Almost one third of surveyed female undergraduate respondents report having experienced some form of non-consensual sexual contact as a result of physical force or incapacitation, according to the Sexual Assault and Misconduct Climate Survey released on June 16.
While the survey results paint a stark picture of the state of sexual misconduct at Georgetown, actions are already in motion to find solutions to this problem.
A task force comprised of students, faculty, and staff will be assembled immediately to address the issue. According to Vice President for Student Affairs Todd Olson, the steering committee of the task force plans to meet in the coming days to set its agenda. A variety of subcommittees overseeing different issue areas, such as bystander intervention, alcohol and drug abuse, education, and underrepresented population, will convene through the coming year to work with students on solutions and to track the progress toward stopping sexual misconduct.
“This really is an expansion and a ramping up of conversation that have happened in the Sexual Assault Working Group,” Olson said. The Sexual Assault Working Group (SAWG) consists faculty, staff, and students that work on issues surrounding sexual assault and misconduct on campus. Olson noted that the task force will serve as a more immediate response to the survey results and will likely conclude its work in Spring 2017.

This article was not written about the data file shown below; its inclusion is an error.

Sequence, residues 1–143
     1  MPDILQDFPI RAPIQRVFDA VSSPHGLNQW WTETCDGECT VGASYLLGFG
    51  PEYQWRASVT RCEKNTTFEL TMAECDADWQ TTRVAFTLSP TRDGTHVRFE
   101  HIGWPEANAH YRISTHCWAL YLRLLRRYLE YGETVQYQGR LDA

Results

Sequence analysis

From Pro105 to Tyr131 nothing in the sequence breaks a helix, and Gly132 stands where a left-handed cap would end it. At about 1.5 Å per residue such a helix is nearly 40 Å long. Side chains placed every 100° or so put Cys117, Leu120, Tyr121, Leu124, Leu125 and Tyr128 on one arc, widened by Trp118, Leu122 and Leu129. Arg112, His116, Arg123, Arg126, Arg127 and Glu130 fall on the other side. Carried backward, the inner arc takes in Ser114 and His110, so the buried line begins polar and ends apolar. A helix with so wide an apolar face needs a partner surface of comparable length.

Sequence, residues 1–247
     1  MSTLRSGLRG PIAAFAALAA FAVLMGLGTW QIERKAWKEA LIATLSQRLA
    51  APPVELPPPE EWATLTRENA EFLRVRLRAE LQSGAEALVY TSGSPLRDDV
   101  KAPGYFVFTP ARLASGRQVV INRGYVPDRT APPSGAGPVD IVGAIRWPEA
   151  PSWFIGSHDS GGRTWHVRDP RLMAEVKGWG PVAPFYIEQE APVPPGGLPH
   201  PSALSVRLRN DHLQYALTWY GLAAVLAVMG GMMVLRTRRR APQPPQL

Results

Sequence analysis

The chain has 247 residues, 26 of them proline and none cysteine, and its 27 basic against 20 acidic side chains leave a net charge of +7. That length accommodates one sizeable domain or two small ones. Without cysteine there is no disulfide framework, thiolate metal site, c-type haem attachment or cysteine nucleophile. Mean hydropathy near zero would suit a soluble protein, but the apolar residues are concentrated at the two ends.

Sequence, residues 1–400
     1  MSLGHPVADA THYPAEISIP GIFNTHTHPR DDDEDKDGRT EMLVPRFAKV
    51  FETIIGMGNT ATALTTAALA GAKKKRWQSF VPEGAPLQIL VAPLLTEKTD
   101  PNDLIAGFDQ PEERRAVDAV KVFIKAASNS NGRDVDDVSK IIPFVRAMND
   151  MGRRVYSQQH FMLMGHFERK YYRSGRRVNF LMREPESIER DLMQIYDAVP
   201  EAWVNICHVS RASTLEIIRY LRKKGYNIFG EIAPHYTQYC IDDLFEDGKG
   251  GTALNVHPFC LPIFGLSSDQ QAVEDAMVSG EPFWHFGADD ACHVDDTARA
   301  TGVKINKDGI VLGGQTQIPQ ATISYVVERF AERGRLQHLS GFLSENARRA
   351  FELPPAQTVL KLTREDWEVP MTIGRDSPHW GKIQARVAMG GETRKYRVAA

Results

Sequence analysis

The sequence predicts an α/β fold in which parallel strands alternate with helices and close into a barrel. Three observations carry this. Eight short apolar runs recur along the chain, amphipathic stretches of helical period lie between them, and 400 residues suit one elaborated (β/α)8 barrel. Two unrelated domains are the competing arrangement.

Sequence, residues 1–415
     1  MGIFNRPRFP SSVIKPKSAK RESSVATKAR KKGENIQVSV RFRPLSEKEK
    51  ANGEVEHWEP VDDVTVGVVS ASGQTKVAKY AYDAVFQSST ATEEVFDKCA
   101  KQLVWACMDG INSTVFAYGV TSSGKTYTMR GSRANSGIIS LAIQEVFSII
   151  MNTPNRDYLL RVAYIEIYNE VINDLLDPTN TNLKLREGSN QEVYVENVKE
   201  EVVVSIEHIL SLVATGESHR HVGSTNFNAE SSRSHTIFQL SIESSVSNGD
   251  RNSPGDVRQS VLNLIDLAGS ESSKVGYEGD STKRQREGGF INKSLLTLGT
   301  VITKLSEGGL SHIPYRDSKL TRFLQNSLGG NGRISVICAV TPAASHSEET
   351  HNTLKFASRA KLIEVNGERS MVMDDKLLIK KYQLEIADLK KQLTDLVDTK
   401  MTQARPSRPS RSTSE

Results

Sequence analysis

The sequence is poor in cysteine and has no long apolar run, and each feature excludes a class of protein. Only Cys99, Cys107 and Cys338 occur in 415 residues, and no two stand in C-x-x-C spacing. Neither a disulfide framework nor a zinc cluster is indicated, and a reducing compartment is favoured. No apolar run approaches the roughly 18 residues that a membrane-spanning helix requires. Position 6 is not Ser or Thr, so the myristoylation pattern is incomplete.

Olson and Vice President for Institutional Diversity and Equity Rosemary Kilkenny will co-chair the task force along with student co-chair Olivia Hinerfeld (SFS ‘17).
“My hope in my capacity is to work with the administration, faculty, and staff and with a number of students to set a really strong agenda for what we hope to accomplish with the task force … and help to guide these various subcommittees in meeting these actionables in a reasonable timeline,” Hinerfeld said.
Enushe Khan (MSB ‘17) and Chris Fisk (COL ‘17), who both praised administrators’ willingness to engage students on finding solutions around this issue, said that the release of the survey results is only the first step in the process to address an ongoing and important issue.
“In terms of what we expected from the data, I’m not surprised in the sense that I think that, as students, this has been something that’s been pushed for for so long,” Khan said. “And this gives validation quantitatively to what we’ve always anecdotally felt was the state of our campus.”
Both Khan and Fisk noted the importance of continued student engagement on the issue. In a June 16 campus-wide email releasing the results of the survey, University President John DeGioia also announced that student focus groups centered on the issue of sexual misconduct will begin convening in Fall 2016. According to Olson, the focus groups will seek to understand the causes of campus cultures and norms around sexual misconduct.
“It’s clear that we don’t know everything we need to know,” Olson said. “We believe that [the work in the focus groups] is one of the most valuable ways to build on what we learned through the survey.”
The Association of American Universities (AAU) developed the survey that Georgetown administered. In a September 2015 AAU survey of 27 universities, 23 percent of female undergraduate respondents reported incidences of sexual assault and sexual misconduct, 8 percent lower than the number reported in Georgetown’s survey.